Carry the One by Carol Anshaw – Hailed as “beautifully observed” (The New York Times) and “a brilliant feat of storytelling” (The Boston Globe), Carol Anshaw’s. Carol Anshaw’s ‘Carry the One’ is a sharp and arresting work about the intersecting lives of three siblings. Such is the experience on opening Carol Anshaw’s moving and engaging new novel, “Carry the One.” Within a chapter it’s clear that Anshaw.
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This is that book that I sort of liked just enough to keep reading, and then, as more pages stacked up on the left, found myself more and more engrossed in. Carry the One has a dramatic beginning: I kept reading to try and find something positve that came out of these people’s lives, but all I found was a lot of depression and no way to work through it. Maybe my expectations were too high, but it was the cover’s synopsis that made me think the book would be incredibly moving – and it wasn’t.
Preview — Carry the One by Carol Anshaw.
Carry the One by Carol Anshaw – review
I struggled with the timeline of the book and the jumping back and forth between characters and events. The main characters at the beginning of the book are high and drunk after leaving a wedding reception. Some are bound ansshaw blood ties; some by friendships and even romantic entanglements; but most importantly they all end up bound together by the events of one night.
If you’ve never before read her, you may wish to start with Lucky in the Corner, or Aquamarine. This book deals with addictions, relationships, and bad attitudes. Subtle, bemused, kind and smart, she nails moment after moment: The premise of the book does not follow through because even in the first few pages, the accident is not a surprise and is a result of decisions made.
While tragic, Anshaw’s characters – for the most part – are funny, inspiring and just anshsw enough to free them of stereotype i. Actually quite structurally perfect and apparent simpleness of the novel is deceptive.
I won this book through Goodreads, and was excited anshwa receive it. Given these circumstances, it is unclear that what transpires in the characters’ lives is due to one tragic moment or a series of unfortunate choices.
I also oone that Anshaw does too much telling and precious little showing, which quickly becomes tedious. I realize not every book you read will be uplifting, but my goodness, this one was so depressing that it put me in a onne Okay, I just don’t understand how so many people love this book. Her characters… are so painfully czrol hilariously recognizable that we cannot turn from the familiarity of their circumstances and their flaws.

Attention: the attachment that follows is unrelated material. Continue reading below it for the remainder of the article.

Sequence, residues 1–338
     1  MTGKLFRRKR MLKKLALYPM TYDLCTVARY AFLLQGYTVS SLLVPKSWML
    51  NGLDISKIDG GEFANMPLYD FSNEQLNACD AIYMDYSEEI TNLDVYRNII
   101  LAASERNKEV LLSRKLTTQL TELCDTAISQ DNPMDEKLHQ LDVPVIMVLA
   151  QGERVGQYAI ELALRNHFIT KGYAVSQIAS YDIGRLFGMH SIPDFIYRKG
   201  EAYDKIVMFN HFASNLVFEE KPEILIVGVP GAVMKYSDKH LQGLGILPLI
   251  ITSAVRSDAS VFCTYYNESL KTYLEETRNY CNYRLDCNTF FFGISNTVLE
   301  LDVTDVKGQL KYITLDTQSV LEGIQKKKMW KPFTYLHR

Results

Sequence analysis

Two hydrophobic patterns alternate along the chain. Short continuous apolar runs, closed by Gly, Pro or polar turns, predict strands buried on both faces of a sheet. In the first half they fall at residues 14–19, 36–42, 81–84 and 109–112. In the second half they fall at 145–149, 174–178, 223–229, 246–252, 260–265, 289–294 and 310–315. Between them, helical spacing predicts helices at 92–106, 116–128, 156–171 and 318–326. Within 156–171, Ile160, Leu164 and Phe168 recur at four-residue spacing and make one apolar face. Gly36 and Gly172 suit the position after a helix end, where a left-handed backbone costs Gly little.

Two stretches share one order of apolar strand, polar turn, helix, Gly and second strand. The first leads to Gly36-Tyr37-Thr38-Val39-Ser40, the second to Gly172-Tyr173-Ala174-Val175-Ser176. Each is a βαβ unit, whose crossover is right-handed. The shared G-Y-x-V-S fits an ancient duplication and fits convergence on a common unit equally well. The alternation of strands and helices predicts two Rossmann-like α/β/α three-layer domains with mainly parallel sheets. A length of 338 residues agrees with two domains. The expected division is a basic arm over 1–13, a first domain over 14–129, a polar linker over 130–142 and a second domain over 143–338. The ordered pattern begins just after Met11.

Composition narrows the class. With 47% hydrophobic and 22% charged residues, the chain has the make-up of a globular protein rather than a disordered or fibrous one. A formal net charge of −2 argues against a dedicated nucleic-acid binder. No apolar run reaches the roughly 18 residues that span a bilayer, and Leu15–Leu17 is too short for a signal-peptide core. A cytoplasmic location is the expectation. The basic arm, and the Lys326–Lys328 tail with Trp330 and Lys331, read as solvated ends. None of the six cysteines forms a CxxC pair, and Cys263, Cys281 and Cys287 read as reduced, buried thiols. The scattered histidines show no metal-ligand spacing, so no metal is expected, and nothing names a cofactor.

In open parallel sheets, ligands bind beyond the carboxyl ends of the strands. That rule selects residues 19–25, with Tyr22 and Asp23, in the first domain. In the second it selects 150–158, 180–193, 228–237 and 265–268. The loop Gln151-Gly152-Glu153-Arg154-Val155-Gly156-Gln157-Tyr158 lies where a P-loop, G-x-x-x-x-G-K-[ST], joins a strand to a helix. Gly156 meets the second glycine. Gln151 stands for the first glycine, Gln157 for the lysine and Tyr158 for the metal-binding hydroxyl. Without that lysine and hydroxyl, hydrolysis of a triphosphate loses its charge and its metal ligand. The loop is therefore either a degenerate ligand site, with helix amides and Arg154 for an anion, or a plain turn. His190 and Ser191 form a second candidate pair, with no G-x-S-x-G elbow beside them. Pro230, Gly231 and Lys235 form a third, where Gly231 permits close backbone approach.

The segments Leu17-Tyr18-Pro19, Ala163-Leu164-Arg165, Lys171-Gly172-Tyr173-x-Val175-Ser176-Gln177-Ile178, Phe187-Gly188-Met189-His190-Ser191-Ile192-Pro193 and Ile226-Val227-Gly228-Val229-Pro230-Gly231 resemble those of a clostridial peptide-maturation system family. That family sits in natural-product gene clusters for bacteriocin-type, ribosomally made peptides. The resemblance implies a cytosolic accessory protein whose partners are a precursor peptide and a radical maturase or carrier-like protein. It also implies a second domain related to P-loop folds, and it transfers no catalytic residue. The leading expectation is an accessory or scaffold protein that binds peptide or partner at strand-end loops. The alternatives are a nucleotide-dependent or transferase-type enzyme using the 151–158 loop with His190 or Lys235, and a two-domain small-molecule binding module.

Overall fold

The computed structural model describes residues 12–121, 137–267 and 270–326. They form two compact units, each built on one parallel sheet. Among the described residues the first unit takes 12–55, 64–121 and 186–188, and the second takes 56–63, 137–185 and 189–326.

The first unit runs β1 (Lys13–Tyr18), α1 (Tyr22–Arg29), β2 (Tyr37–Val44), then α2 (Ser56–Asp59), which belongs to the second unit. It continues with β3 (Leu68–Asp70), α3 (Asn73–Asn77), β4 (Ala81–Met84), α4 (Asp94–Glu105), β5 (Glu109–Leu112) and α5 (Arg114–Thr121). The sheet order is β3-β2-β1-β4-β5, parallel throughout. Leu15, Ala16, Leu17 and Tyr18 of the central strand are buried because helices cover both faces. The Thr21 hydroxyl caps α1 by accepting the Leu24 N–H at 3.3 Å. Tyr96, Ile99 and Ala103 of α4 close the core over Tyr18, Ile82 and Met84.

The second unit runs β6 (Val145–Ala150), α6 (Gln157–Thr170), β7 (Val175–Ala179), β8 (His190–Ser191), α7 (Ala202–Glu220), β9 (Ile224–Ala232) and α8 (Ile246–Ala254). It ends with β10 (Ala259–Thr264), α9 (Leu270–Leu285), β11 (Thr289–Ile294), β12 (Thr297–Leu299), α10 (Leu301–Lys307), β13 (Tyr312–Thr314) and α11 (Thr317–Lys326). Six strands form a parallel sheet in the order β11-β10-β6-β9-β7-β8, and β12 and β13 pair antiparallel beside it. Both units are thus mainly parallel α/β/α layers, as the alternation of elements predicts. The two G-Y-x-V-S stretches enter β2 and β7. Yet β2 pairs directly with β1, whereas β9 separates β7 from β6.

Carry the One 1 42 Apr 02, But it ISN’T imagined.
Overall, not one I would recommend. I first read a rave review for this book in a magazine.
Carry the One by Carol Anshaw: review
Cwrry all 28 comments. The Beautiful Indifference by Sarah Hall: Carmen and Alice’s lives are more likely shaped by their self-centered bully of a father and detached and ineffectual mother. Carmen’s stories are mostly about doing good and being a suburbanite mom sweet but boring.
And that feels good. View all 4 comments. And of course, there is the never-ending guilt and remorse they feel over her life ending before it had really begun.
The writing was xarry, sure – but I’ve seen better. Her strong attitudes were present throughout the story, and I found them to be heavy handed, not entertaining at all. The poor child that was killed is not relevant to this story. The sister who becomes rich off her art through government grants and spends her earnings all on herself. It took me a while to sort them out in my head.
Carry the One by Carol Anshaw: review – Telegraph
I loved this book, too, Larry! At the same time, I found myself afraid to turn the pages, because you just knew that some stories would end in tears — and they did, quite literally, for me.
ons But she protects her characters’ privacy even when she anwhaw their flaws, and she forgives them, even when they cannot forgive themselves. All these come together, along with the quotidian lumbering of everday life, to burst open the readers mind and heart. These people would have been the same whether they had been in the accident or not. The author makes token efforts to show that the girl’s death at the beginning of the novel had far reaching impact, but never proves her case.
Also, can someone please explain to me what happened to Olivia?